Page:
You really didn't hear about it until two years ago. After the 2016 election, the term has exploded, especially on social media and it's left people wondering what’s real and what's fake.
“Fake news is when someone is intentionally putting out misinformation to try and fool people,” said Jon Marshall.
Marshall teaches at the Medill School at Northwestern, where the traditional tenants of journalism are stressed to students. But he says when it comes to reporting the facts, times have definitely changed.
“More people can put anything that they want up, and circulate it, and then it can circulate very quickly and very wide to a vast audience,” Marshall said.
So how do you spot fake news?
”There’s hundreds of them, and new ones pop up all the time,” said Mana Ionescu, president of Lightspan Digital.
We took an example of fake news out of Aurora and had social media expert Mana Ionescu point out how she could tell it was fake.
“This particular article is a textbook example. They've thrown everything that would catch your attention in it,” she said.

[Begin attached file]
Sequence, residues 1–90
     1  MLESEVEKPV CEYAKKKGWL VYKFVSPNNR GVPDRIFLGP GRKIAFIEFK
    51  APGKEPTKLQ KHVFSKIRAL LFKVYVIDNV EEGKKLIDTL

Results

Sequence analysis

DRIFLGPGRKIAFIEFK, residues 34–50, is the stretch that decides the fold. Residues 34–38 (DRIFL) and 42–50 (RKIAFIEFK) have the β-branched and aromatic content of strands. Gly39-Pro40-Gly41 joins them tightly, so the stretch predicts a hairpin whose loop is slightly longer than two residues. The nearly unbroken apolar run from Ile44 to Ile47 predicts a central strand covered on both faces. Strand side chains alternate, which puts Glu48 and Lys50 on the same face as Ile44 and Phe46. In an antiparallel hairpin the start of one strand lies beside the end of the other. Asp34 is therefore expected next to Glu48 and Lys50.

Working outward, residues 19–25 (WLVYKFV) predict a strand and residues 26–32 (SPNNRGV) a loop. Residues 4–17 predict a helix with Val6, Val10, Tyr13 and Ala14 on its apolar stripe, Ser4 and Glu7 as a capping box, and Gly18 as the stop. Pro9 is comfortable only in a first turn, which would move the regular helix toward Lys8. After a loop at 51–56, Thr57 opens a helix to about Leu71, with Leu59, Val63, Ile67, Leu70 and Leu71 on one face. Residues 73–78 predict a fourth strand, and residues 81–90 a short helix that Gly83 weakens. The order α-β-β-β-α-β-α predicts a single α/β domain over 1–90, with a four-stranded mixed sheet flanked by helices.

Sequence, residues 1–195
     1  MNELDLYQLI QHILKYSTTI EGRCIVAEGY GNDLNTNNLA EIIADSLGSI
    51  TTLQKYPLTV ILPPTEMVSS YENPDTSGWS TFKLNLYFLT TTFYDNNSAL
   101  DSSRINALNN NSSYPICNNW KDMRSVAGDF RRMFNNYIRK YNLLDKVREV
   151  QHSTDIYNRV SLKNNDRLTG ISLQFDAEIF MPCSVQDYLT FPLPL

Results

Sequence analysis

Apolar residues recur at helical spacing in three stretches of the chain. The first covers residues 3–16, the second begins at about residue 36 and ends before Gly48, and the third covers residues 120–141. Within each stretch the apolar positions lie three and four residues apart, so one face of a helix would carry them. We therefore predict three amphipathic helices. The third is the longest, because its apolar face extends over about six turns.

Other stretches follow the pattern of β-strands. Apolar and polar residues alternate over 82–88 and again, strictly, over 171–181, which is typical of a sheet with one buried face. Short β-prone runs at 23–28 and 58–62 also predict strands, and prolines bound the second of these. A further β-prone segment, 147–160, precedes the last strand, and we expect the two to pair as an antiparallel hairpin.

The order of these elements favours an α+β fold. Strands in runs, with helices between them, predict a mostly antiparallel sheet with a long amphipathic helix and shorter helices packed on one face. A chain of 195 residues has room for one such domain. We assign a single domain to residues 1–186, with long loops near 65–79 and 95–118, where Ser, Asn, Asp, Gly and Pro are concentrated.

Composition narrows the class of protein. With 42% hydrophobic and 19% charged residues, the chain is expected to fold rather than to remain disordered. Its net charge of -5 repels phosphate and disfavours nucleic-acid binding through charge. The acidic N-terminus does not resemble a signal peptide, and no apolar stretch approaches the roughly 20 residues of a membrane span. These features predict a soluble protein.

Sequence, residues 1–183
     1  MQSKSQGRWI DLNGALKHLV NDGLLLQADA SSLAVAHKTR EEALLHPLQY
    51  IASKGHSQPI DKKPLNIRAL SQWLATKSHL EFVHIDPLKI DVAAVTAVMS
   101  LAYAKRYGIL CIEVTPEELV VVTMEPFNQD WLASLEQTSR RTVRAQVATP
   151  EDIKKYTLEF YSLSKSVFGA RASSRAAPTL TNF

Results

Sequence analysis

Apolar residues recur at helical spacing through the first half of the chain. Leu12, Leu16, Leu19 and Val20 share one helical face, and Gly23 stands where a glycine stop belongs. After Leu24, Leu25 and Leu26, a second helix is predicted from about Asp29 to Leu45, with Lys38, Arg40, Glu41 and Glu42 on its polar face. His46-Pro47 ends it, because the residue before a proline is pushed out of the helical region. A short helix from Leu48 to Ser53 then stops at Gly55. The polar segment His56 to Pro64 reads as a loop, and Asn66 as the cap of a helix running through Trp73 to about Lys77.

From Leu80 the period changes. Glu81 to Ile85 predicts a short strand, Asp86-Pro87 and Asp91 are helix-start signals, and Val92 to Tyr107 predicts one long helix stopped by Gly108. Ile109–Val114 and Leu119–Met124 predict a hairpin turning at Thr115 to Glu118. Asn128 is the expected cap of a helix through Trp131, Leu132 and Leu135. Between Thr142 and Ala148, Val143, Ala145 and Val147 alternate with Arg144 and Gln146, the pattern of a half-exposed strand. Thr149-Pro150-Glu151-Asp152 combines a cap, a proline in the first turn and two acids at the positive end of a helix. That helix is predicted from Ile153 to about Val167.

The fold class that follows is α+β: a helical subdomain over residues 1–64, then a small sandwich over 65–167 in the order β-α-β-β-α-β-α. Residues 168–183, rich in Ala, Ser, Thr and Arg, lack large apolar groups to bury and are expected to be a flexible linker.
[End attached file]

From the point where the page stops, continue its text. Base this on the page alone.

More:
Take the headline: “PEDOPHILE'S DECAPITED CORPSE FOUND ON JUDGE'S DOORSTEP.”
“The first thing I noticed here is there are all these sponsored links, all these ads,” Mana said.
She also points to the fact that no dates or links appear in the article, and a click on the author's bio takes you nowhere.
“Are there any resources quoted? Are they giving the names, the titles of these folks or what makes them an authority?” Mana said.
So why are people posting fake articles? The big reasons are they want your info and cold hard cash.
“They want our traffic so they can sell ads, and, in the worst case scenario, they're trying to install malware and trying to get into your computer,” Mana said.
Still not sure about what's real or fake? Help is a click away.
“Factcheck.org, and they have a section that's all about fake and satirical websites,” Mana said.
Or just take this advice: “It's up to us as people who read things and watch things to take a second, and look at what we're seeing, and figure out, is this really believable? Because if it seems unbelievable, there's a good chance it's not real,” Marshall said.